Drew Brees

Drew Brees had the chance to showcase himself to the nation as an NFL broadcaster on Sunday, working as an analyst during NBC’s broadcast of the Las Vegas RaidersCincinnati Bengals playoff game.

It did not go well.

Brees got crushed by media critics and viewers alike, who called him “beyond vanilla,” “corporate,” “not ready for the playoff stage,” and sounding as though he had “nothing to say.”

In particular, a moment in which a whistle was heard during a touchdown pass, potentially impacting the outcome, should have been a prime display of Brees’ command of the rules and situation. Instead, he seemingly ignored this crucial moment for ten minutes before giving a tepid comment in passing.

As Sports Media podcaster Richard Dietsch noted in his most recent episode, the sentiment was that “the game felt too big for where he is in his broadcast development.” Given all the hype that followed Brees into the booth and the inevitable comparisons to Tony Romo, expectations were sky-high for the former Saints quarterback to jump in and immediately have full command of the job.

Dietsch’s guest this week, Mike Golic, knows a thing or two about transitioning from a career as an NFL player to an NFL talking head, not to mention what it takes to work in a football booth for a major network. The former Mike & Mike host shared his thoughts on the reaction to Brees by explaining how the sports broadcasting world that Drew walked into is vastly different, and harsher, than the one that worked so well for him and many of his colleagues.

“The one thing that benefitted Greeny and I, in all honesty, when we started in 2000, is nobody was listening to us,” said Golic. “For people who don’t remember, when the morning show started at ESPN…we were in one market, that was Chicago. We weren’t cleared everywhere, but then we started gaining more and more affiliates. We weren’t even carried in Hartford…so our [ESPN] bosses couldn’t even hear us.

“We’d go through the first year or two, and we made mistakes and we kinda found our way. So if it was Mike & Mike just starting today, we would get instant feedback. Probably very critical feedback because I had never done it before, Greeny had never done it before, and they threw us together, and we had time to work through all our mistakes and get through things. You don’t get that today.

“That’s why I said, the new show with Keyshawn, J-Will, and Max, they were thrown on hundreds of affiliates, didn’t get a ton of time to practice together, and then had instant feedback on it anyway because it’s a social media world. God, I wish it wouldn’t happen to people. I wish it wouldn’t happen to them. But that’s the reality today when you put a show together. You’re gonna get instant feedback.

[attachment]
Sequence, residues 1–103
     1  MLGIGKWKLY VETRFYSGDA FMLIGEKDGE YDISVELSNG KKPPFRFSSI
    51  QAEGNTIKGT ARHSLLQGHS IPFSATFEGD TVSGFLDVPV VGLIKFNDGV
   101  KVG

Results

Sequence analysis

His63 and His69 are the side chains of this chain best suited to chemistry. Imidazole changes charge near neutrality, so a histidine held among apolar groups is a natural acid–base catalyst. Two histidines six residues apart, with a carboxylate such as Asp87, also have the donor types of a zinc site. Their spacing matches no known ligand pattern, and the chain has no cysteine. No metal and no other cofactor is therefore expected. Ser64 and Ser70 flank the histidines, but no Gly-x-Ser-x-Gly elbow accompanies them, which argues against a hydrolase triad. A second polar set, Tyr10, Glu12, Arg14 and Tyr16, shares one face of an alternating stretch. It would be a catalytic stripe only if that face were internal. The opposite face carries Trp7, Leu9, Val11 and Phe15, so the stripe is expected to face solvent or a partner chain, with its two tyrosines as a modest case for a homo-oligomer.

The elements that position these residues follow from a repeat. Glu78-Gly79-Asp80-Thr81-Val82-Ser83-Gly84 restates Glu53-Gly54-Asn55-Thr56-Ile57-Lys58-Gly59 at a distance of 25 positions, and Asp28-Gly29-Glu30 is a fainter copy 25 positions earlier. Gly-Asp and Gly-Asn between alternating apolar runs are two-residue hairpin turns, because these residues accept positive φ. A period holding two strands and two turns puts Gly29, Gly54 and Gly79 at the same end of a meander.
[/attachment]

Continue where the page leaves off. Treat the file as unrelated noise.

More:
“So, now, take it into the booth. So with analysts, we know what what’s gonna happen and sometimes companies sit there and try to say ‘well, we’re not taking people because of their names.’ That’s bull. They do. They take the stars. I get it. I understand it. I understand that they do that. So what happened? You know what happened is Tony Romo came right off the field, went right in the booth, and what was he? Instant, right? I mean, oh my god, he’s calling plays, he’s having a ball, what a personality. So, the thought process is, bring in these guys right off the field and, look, Romo was able to do it, so that’s what they’re trying to recreate… It’s tough, man.

When Drew started doing the Notre Dame games, people would tweet at me, ‘what do you think?’ I said listen, I’m not judging a guy when he just starts. He’s a walk-in Hall of Famer. But he’s now in a different world of learning timing and everything that goes with a TV broadcast, which he’ll learn. He’ll learn in time…your first and then your hundredth is a different person. But unfortunately, you get judged early and then you get tagged with that. ‘You’re supposed to be great at this.’ Man, that’s unfair but, you know what, unfair or fair, that doesn’t come into play. You’re gonna get that opportunity and you’re gonna be judged immediately on it.”

Deitsch noted that people may forget that Troy Aikman didn’t just jump into the No. 1 analyst spot for Fox. He started out on lesser broadcasts before working his way up. Not to mention, Romo is a “unicorn” and shouldn’t be considered as the model by which networks measure all former players turned analysts.

Golic said that the situation now is akin to that of an NFL owner who drafts a star rookie quarterback and expects them to play immediately.

“They think you should be that guy and they’re gonna put the stars in those prominent positions right out of the gate,” said Golic. “That day is gone where you can learn a little bit. They’re not gonna start in the fourth or fifth year. They’re not gonna start on a smaller show. They’re gonna get thrown right into the mix and they’re gonna have to see what happens. And it is absolutely unfair to judge at the beginning. I wouldn’t.”

Deitsch also reiterated that “this is where the finances come in,” noting that NBC is paying Brees way too much money not to throw him out there during their playoffs broadcast, for better or worse.

NBC has one game in this weekend’s Divisional Round, a Sunday afternoon showdown between the Los Angeles Rams and Tampa Bay Buccaneers. To no one’s surprise, it will be Al Michaels and Cris Collinsworth in the booth, so no chance at redemption for Brees just yet.

[Richard Dietsch]

About Sean Keeley

Along with writing for Awful Announcing and The Comeback, Sean is the Editorial Strategy Director for Comeback Media. Previously, he created the Syracuse blog Troy Nunes Is An Absolute Magician and wrote 'How To Grow An Orange: The Right Way to Brainwash Your Child Into Rooting for Syracuse.' He has also written non-Syracuse-related things for SB Nation, Curbed, and other outlets. He currently lives in Seattle where he is complaining about bagels. Send tips/comments/complaints to sean@thecomeback.com.